Have you ever tried to run a mile (for us non-imperial distance runners that’s 1,609 meters) as fast as you can? How fast were you? Seven Minutes? Six? Probably five if you are trained and worked hard.
Roger Banister broke the magic four-minute-mile in 1954. That is — he became the first human being to run a mile in less than four minutes.
When Roger set out to break the four-minute-mile, people believed that the human body will never be able to run that fast. Doctors were of the opinion that the heart will explode if you run that fast. And despite all this, Roger knew that it was possible — he aimed his goal that high. Then he went on to work. Bannister approached the task scientifically, setting a fierce training schedule for himself with workouts conducted each day for one-half hour during his lunch break. On a gray , cloudy day in 1954 he set out with his team colleagues Chris Chataway and Chris Brasher to write history.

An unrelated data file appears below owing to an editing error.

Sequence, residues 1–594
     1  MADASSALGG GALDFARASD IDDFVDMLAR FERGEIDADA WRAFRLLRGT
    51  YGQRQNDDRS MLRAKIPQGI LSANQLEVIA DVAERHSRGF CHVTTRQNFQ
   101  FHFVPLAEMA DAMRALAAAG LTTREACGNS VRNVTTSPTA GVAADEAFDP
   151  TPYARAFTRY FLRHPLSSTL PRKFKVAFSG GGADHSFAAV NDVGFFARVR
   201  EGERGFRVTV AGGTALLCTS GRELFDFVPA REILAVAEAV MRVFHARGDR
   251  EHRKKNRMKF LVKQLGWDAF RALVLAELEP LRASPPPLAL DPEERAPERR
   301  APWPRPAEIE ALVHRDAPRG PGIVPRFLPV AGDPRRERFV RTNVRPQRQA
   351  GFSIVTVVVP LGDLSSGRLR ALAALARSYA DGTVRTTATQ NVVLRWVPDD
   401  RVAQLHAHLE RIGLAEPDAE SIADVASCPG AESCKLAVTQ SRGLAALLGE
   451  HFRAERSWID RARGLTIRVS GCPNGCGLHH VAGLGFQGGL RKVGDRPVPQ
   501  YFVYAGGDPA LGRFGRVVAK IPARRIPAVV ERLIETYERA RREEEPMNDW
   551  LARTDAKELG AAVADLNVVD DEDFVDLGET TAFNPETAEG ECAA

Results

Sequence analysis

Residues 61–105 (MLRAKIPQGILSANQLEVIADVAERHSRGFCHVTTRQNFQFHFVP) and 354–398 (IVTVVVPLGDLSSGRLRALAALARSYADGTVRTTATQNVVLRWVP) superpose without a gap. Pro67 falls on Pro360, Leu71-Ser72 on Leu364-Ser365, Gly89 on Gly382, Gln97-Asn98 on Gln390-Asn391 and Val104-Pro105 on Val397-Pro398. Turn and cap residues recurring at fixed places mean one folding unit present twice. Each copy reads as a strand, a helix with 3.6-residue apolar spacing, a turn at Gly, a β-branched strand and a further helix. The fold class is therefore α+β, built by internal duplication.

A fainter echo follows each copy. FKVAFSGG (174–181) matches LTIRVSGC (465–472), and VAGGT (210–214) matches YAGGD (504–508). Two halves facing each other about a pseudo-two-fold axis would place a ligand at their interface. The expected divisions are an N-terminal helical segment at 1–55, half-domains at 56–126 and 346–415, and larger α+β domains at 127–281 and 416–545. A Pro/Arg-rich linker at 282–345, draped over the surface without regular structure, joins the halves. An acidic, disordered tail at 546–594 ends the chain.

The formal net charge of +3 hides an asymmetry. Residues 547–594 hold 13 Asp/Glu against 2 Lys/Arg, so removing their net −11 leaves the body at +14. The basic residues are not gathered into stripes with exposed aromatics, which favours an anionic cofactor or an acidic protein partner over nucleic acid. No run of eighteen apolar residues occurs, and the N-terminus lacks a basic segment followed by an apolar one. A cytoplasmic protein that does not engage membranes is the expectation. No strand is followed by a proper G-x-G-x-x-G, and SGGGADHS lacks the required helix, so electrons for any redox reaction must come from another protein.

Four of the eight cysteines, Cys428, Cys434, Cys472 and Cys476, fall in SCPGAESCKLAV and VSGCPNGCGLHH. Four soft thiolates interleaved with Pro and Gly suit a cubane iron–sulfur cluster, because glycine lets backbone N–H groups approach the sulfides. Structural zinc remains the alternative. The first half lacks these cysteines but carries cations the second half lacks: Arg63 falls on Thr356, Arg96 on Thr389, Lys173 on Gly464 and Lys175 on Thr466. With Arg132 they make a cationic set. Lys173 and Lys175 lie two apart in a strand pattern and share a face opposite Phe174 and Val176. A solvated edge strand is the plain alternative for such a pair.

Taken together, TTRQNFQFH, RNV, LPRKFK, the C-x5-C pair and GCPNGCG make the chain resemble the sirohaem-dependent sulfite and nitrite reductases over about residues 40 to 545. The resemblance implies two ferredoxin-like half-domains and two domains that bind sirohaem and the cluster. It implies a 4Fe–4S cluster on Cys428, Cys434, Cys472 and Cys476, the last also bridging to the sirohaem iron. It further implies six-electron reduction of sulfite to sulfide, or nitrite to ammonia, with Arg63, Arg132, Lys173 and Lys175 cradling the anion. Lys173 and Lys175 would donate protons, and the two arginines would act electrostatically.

Only weeks after he broke the four-minute mark, other runners broke the same barrier. That same year Bannister and the Australian runner John Landy faced off in what became known as “The Mile of the Century” — a race in which both raced the mile in under four minutes.
The magic barrier was was only in their heads.
You can’t change the world if you don’t set out to do so. Barriers are as much physiological as they are psychological. Be bold. Dream big. Who would have thought that we can put a man on the moon? Or that a little social network for Stanford students can become the largest website on the planet?
You have all the ingredients for doing amazing work in you. You just need to believe and persevere. That is the only way you will change the world.
“The man who can drive himself further once the effort gets painful is the man who will win.” ~ Roger Bannister
Build What Matters.